The court concluded that, because Andersen did not formally seek a determination of dischargeability, her student loans, in the amount of $15,085.42,2 were not discharged under the confirmed plan.
Andersen appealed the decision to the Tenth Circuit Bankruptcy Appellate Panel (BAP). In re Andersen, 215 B.R. 792 (10th Cir. BAP 1998). Citing the fact that the issue herein arose after confirmation of the plan and after entry of the order of discharge, id. at 794, the BAP held that confirmation of the plan constituted a finding of undue hardship, rendering the student loans dischargeable. Id. at 796. The BAP thus reversed the ruling of the lower court, concluding that “the ultimate order of discharge properly discharged the balance of the student loan obligation.” Id. This appeal followed.
The relevant facts are stipulated, and we review de novo the BAP's conclusions of law. Woodcock v. Chemical Bank, 45 F.3d 363, 367 (10th Cir.1995). The Bankruptcy Code generally provides that a discharge does not discharge a debtor from a debt arising from an educational loan unless excepting such debt from discharge will impose an undue hardship on the debtor and the debtor's dependents.3 11 U.S.C. § 523(a)(8).4 This general exception to the discharge of educational loans is applicable to the present chapter 13 case by virtue of 11 U.S.C. § 1328(a)(2).5 Based on these provisions, ECMC argues that the determination of undue hardship is self-executing and requires a formal adversary proceeding, apart from the plan process. As we note above, the Bankruptcy Court agreed with ECMC's position and held that Andersen's student loans were not discharged, despite the confirmed plan's contrary language. ECMC further argues that the BAP erred in reversing the judgment of the lower court and shifting the burden of proving a lack of undue hardship to the creditor. While we agree with certain propositions advanced by ECMC, we disagree with the conclusion which ECMC seeks to draw from those propositions in this case.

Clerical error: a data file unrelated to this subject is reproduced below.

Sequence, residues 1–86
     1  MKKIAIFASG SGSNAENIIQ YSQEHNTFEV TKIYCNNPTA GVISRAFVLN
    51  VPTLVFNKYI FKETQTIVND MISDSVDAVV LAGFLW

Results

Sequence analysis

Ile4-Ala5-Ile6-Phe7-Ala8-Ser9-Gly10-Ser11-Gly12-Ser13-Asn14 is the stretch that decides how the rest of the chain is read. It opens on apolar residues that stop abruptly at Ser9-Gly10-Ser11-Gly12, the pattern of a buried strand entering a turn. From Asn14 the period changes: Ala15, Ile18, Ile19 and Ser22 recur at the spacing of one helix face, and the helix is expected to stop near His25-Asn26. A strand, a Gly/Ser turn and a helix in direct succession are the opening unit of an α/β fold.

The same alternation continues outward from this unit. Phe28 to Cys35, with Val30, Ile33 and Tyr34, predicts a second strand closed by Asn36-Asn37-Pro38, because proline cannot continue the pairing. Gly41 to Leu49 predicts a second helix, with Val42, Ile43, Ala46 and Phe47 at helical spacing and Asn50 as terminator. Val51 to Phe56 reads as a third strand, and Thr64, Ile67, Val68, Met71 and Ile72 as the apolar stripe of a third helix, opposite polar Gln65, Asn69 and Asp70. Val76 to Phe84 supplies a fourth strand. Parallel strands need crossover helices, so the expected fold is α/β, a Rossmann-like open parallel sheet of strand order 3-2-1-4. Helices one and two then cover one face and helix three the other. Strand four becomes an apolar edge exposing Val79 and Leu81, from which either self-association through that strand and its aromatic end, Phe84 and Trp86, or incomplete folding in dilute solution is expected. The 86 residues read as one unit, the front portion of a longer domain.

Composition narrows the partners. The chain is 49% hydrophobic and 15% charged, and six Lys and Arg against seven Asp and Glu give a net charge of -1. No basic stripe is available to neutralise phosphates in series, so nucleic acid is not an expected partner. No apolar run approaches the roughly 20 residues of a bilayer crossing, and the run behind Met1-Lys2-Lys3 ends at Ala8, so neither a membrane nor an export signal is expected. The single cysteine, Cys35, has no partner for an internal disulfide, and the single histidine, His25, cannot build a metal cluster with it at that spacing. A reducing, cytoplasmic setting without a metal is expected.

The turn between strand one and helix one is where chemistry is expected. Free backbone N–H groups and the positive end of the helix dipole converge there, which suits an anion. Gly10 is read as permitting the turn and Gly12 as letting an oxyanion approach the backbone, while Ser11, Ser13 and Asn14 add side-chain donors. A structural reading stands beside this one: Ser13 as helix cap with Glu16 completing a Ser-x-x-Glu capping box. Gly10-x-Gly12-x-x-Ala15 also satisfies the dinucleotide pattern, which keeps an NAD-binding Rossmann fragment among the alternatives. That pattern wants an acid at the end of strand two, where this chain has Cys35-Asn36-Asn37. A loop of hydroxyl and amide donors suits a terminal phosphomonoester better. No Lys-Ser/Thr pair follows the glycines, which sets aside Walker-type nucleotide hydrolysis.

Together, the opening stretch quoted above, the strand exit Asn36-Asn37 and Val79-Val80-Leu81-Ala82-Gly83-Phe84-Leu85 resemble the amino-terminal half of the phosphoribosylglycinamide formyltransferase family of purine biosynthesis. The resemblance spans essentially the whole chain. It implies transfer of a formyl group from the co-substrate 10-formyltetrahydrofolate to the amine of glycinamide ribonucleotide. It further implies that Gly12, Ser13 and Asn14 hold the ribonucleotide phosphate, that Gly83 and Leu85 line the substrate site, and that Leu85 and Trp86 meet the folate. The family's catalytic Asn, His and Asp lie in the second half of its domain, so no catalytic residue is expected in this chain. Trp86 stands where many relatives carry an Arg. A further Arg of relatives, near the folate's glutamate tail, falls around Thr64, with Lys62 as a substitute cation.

We note at the outset that ECMC is correct in stating that the “[d]ebtor bears the burden of demonstrating undue hardship” with respect to the dischargeability of educational loans. Woodcock, 45 F.3d at 367. And, we may assume that the Bankruptcy Court correctly held that a debtor must normally prove undue hardship by bringing an adversary proceeding directed to that issue. See Buford v. Higher Education Assistance Foundation, 85 B.R. 579, 581-82 (D.Kan.1988); Bankruptcy Rule 7001. However, these statements do not resolve the present issue before us. The real issue here is not whether Andersen properly met her burden of proving an undue hardship, which she clearly did not, but whether confirmation of the plan constitutes a binding adjudication of hardship.